What do Titanic, Hamilton, and Dirty John: The Betty Broderick Story have in common? We all know the outcome and yet can’t stop ourselves from watching them again and again. What do I say every time I see Titanic? “You do smell ice.” Hamilton “don’t duel, it never ends well!” and for Betty “don’t shoot!”
While you would think that since divorce cases take up my day, they would not take up my nights also. Yet, I could not wait each week for Amanda Peet’s amazing performance as Betty Broderick. If you did not follow this recent series, it did an excellent job showing you the background of this couple.
Betty met her future husband (Dan) as he was heading off to medical school and married before he graduated. After graduation from medical school, Dan decided to go to law school (obviously a complete masochist!). Betty supported them, including giving birth to their first two children. After years of financial struggle and tremendous sacrifice on Betty’s part, Dan eventually hits it big as a medical malpractice lawyer. Within a few years, he leaves Betty for a much younger woman.
The legal and emotional fallout of this family still fascinates, some 30 years after the tragic events.
There are many laws in effect at this time (at least in New York) that would have helped Betty financially and emotionally.
Automatic Orders – When a divorce is started, certain provisions kick in that create an instantaneous “stop”. In summary:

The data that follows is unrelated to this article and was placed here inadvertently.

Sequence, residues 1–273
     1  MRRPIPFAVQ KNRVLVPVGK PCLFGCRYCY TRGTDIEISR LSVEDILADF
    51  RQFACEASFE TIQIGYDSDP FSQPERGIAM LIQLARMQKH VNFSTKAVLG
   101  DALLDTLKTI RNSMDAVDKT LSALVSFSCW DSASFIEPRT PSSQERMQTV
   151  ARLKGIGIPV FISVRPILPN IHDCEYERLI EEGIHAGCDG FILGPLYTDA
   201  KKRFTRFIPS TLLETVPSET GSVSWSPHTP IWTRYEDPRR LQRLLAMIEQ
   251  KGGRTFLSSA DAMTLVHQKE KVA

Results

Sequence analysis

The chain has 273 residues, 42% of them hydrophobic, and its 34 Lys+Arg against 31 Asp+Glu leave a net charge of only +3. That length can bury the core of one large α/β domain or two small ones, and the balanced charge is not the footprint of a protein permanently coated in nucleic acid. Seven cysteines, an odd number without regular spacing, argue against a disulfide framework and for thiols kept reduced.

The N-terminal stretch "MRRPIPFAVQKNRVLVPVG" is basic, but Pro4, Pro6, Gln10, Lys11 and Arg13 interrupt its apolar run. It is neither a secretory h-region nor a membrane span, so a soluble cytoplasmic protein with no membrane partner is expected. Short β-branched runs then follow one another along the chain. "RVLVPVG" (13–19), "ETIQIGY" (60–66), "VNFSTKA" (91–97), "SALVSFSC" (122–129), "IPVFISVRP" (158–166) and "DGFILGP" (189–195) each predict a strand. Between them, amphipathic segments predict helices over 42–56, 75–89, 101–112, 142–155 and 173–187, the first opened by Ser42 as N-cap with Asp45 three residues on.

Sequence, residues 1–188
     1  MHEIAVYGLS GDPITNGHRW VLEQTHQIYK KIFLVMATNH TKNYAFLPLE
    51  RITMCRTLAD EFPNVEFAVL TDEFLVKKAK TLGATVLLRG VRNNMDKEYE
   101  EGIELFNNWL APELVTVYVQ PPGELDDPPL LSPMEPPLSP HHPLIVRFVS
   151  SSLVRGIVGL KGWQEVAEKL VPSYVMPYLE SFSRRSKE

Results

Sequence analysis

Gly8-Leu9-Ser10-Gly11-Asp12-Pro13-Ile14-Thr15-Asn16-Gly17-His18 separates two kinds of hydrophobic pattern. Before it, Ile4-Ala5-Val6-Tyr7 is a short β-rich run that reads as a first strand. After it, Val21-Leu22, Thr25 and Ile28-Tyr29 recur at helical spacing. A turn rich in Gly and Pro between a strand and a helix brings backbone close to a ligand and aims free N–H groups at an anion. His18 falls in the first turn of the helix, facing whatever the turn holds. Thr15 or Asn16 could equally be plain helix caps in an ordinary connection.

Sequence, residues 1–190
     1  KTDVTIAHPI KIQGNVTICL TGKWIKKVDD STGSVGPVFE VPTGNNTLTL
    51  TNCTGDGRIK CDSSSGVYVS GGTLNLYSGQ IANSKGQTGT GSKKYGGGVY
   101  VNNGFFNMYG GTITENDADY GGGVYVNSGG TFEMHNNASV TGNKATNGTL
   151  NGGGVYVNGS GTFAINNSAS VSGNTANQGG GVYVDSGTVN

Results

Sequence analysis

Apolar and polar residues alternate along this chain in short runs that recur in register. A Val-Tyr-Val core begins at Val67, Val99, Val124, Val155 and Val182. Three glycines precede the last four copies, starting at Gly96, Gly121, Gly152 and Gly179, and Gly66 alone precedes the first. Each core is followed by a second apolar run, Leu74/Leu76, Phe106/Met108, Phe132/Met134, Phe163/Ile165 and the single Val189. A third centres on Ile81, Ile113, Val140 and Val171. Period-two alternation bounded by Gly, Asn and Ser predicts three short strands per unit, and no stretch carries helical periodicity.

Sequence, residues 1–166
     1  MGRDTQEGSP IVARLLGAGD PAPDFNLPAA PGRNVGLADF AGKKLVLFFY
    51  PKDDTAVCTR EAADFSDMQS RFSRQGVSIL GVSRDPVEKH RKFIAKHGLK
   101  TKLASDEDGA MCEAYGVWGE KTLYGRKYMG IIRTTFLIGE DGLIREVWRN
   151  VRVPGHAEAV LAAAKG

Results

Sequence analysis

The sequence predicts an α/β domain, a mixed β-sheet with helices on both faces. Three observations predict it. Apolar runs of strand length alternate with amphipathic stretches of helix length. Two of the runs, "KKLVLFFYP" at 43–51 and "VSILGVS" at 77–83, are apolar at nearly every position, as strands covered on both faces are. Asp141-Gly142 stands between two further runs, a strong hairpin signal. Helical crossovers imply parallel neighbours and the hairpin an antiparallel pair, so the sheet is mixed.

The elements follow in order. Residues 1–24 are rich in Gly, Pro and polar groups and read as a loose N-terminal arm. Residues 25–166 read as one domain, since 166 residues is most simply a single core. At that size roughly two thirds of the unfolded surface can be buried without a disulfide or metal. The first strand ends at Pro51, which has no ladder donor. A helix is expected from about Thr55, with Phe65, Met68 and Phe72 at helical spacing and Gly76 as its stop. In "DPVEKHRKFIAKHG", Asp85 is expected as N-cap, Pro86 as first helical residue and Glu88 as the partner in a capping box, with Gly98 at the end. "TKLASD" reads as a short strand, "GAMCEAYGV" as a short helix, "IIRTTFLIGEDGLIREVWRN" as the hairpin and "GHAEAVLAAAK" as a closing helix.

• Neither party shall sell, transfer, encumber, conceal, assign, remove or in any way dispose of any property
• Neither party shall transfer, encumber, assign, remove, withdraw or in any way dispose of any retirement account
• Neither party shall incur unreasonable debts
• Neither party shall cause the other party or the children of the marriage to be removed from any existing medical coverage
• Neither party shall change the beneficiaries of any insurance policies
Once Dan started the divorce action, he continued to invest family money (badly) and then came back and [successfully] argued that there were less funds to distribute with Betty because he had lost the money.
Temporary Spousal and Child Support – Once an action is started, the lower income spouse can seek child and spousal support which are determined based upon a formula, while still leaving judges discretion for a higher or lower amount.
For Betty, Dan “paid” her money in his discretion, both the amount and the frequency. When he was unhappy with her actions (and sometimes for good reason), he could unilaterally withhold money or fine her, which was accepted by the judge on the case.
Had their assets been frozen Betty would have received significantly more money. If she could count on support, it could not be used as a method of control.
Stay tuned for further discussion of 1989 v. 2020.